November 29, 2004

Friendless troglodyte strikes out at grocery royalty

Thanks to frequent commenter hedbakery for the head's up on the somewhat tantalizing prospect that the Ukrop's have pissed off the Richmond religious right. I don't know if there's any truth to this or if it's just Internet b.s., but if Jim wants to come in from the cold, I'm waiting for him with a warm cup of wassail and a personally handbound collection of Hendrik Hertzberg essays.

You ain't seen nothing yet

One of the finest indicators I can think of to show how Americans' attitude toward health care has changed is just to look at pop music. Used to be, a guy in a pop song fell in love, and it was only natural for him to go see the doctor about it. If you were in the Rascals, you were likely to be prescribed good lovin'. If you were in Bachman Turner Overdrive, you were told that any lovin' is good lovin' (what were doctors like back then?). If you were Harry Nilsson, you naturally saw a witch doctor. If you were in Kiss, you pretended to have gone to a medical school that taught you to take your patient's temperature in a most unorthodox manner.

I can't think of any recent examples of pop songs in which people go to the doctor. I can't say it's not an improvement, medically, for folks to restrain themselves from popping down to the ER every time they develop a crush on someone, but it does seem sort of sad that doing so doesn't ever seem to cross anyone's mind.

November 24, 2004

Happy Thanksgiving

And if anyone has any insight into the following, I'd really appreciate an explanation:

November 22, 2004

Better than yours

Elvis Mitchell pisses me off. No one should be able to conduct an interview as well as he did on The Treatment this week with Kinsey director Bill Condon. I'm now all a-fire to see the movie, especially after reading this morning that groups with words like "family" and "concerned" in their names are protesting it--because, apparently, Kinsey invented pedophilia.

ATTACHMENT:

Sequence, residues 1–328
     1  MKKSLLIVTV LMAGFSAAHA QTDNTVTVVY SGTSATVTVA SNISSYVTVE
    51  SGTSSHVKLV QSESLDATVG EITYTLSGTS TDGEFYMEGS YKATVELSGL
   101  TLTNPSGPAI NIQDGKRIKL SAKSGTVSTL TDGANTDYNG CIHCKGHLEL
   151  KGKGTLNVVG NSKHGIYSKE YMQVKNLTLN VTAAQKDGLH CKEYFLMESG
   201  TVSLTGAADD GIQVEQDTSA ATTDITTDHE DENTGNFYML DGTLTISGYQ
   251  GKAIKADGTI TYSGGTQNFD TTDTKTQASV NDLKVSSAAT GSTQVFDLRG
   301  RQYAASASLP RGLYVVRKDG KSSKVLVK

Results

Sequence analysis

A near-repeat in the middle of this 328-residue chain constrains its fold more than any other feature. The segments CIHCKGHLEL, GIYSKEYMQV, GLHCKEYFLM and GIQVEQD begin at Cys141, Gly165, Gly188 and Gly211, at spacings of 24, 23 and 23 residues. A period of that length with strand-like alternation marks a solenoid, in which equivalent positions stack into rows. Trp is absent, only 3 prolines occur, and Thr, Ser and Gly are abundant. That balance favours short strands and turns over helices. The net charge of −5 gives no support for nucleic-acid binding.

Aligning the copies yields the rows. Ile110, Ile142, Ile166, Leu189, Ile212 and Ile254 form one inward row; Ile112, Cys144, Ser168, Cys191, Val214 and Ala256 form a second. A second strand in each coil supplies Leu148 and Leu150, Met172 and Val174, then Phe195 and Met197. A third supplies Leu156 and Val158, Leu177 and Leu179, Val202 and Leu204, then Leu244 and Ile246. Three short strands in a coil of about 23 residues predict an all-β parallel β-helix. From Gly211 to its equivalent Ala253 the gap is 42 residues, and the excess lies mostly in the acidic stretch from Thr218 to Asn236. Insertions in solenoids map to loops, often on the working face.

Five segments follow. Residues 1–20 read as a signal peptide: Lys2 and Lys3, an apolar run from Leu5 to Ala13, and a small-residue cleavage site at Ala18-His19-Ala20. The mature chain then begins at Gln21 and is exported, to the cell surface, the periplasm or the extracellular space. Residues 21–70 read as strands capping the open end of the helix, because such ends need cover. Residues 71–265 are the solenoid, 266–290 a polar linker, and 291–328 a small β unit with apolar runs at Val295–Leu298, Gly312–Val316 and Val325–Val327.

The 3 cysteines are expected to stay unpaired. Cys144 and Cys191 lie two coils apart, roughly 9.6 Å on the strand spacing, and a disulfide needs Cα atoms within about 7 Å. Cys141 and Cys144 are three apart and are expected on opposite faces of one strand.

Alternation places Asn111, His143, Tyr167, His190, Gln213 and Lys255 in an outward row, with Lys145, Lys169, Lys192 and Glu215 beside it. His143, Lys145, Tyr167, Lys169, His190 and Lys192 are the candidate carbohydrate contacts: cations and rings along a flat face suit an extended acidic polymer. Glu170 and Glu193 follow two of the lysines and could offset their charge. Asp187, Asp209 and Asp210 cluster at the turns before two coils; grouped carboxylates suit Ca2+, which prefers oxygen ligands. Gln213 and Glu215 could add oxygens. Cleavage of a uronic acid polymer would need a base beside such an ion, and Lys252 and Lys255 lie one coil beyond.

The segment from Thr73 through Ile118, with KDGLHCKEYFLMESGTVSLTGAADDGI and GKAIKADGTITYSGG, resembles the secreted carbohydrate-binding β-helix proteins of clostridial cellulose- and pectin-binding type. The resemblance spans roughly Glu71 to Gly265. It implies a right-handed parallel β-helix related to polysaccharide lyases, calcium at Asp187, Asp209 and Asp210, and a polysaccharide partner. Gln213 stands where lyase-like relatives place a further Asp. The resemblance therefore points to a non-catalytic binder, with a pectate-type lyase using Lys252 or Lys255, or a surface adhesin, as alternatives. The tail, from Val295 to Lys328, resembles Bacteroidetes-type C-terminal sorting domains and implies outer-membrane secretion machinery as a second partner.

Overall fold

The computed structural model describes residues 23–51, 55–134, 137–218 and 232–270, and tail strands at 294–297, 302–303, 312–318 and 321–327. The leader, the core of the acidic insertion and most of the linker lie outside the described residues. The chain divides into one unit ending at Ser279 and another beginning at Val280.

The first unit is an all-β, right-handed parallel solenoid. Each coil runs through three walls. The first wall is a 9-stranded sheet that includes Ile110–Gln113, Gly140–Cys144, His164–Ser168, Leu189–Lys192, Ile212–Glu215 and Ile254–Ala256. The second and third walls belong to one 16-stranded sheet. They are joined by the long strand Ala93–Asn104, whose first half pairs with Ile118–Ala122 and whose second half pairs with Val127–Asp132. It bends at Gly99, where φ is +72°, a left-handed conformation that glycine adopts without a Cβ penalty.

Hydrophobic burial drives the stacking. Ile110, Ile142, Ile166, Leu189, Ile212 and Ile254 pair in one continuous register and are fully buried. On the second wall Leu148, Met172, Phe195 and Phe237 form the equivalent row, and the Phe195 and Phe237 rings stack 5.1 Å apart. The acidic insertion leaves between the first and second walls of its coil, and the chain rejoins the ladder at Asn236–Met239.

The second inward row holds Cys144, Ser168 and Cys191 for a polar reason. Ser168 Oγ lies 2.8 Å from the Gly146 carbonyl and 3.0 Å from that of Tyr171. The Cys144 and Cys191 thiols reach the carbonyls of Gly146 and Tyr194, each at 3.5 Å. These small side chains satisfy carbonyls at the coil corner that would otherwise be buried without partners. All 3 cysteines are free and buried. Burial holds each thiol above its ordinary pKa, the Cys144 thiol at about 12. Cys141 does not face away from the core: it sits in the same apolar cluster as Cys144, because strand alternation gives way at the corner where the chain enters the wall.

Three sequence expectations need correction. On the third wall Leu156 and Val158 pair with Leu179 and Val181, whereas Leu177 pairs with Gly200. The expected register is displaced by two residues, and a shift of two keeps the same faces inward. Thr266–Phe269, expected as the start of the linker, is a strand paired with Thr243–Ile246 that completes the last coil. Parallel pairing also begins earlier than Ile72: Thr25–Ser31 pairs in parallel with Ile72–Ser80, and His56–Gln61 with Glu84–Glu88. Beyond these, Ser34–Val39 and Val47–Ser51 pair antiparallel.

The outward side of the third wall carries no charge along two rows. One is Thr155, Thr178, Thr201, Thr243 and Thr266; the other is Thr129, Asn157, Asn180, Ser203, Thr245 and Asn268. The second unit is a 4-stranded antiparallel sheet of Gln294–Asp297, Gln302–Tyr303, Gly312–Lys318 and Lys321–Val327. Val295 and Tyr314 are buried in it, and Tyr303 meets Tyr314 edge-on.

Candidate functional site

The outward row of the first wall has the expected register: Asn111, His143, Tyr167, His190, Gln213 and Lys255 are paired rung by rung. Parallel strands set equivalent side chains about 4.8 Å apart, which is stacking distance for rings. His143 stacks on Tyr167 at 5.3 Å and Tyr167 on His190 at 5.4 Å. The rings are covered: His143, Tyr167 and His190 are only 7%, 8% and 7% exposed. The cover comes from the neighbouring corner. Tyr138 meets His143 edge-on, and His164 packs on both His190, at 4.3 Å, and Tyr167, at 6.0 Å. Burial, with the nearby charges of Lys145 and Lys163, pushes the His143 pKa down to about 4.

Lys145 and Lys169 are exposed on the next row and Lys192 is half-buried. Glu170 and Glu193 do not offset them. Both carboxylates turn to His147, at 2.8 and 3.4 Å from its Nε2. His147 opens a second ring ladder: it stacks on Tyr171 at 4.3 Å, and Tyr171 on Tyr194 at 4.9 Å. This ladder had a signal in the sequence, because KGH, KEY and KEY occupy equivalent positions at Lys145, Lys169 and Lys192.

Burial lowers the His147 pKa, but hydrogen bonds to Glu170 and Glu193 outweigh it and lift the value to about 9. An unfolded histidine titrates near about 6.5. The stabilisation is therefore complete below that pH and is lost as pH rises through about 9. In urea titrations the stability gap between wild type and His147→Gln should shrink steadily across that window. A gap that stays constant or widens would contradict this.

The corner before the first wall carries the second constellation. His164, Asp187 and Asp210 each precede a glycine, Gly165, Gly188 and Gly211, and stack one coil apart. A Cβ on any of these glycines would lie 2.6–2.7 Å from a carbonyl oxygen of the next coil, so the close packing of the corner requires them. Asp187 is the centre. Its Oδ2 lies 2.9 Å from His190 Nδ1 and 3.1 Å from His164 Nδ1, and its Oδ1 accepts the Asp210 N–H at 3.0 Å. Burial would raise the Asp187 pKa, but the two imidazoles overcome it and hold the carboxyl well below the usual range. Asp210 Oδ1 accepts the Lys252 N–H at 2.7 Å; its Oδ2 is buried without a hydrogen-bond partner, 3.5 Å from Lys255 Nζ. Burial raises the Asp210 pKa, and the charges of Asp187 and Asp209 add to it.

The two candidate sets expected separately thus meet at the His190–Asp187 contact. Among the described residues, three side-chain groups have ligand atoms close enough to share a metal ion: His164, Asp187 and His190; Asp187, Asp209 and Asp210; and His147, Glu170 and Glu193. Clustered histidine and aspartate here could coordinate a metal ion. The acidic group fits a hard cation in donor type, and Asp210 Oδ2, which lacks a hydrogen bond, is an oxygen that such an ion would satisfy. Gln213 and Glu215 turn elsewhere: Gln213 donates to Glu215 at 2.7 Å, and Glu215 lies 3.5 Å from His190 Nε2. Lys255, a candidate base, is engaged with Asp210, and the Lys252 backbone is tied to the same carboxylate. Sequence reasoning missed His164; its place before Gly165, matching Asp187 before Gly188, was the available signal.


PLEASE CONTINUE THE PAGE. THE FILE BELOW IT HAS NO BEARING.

I stole part of that last line from Tom Shales' equally masterful spatchcocking of FCC chairman Michael Powell in yesterday's Post. Key sentence:


Powell belongs at the bottom of the barrel with the lowliest of the bunch. He is an agenda masquerading as a man, the proverbial pompous ass and, worse, a genuine threat to freedom of speech.
And I can't think of 30 words to say about a Robyn Hitchcock record I like.

November 19, 2004

Welcome home

We spent an extra hour at Dulles while the new, friendlier CIS (formerly INS) made Ewa wait in a fetid little room with 50 people, 80 of whom seemed to be screaming children, so they could check the stamp in her passport. For those of you who haven't navigated our nation's immigration system, the CIS stamps one's passport in advance of actually issuing "green cards." In our case, Ewa had received her actual card a few months before, but with the wrong country of birth. Their mistake, their problem, right? Oh no. It's up to us to go down to Norfolk and spend a day in a fetid little room there with 50 other people and then wait another six months for a replacement card.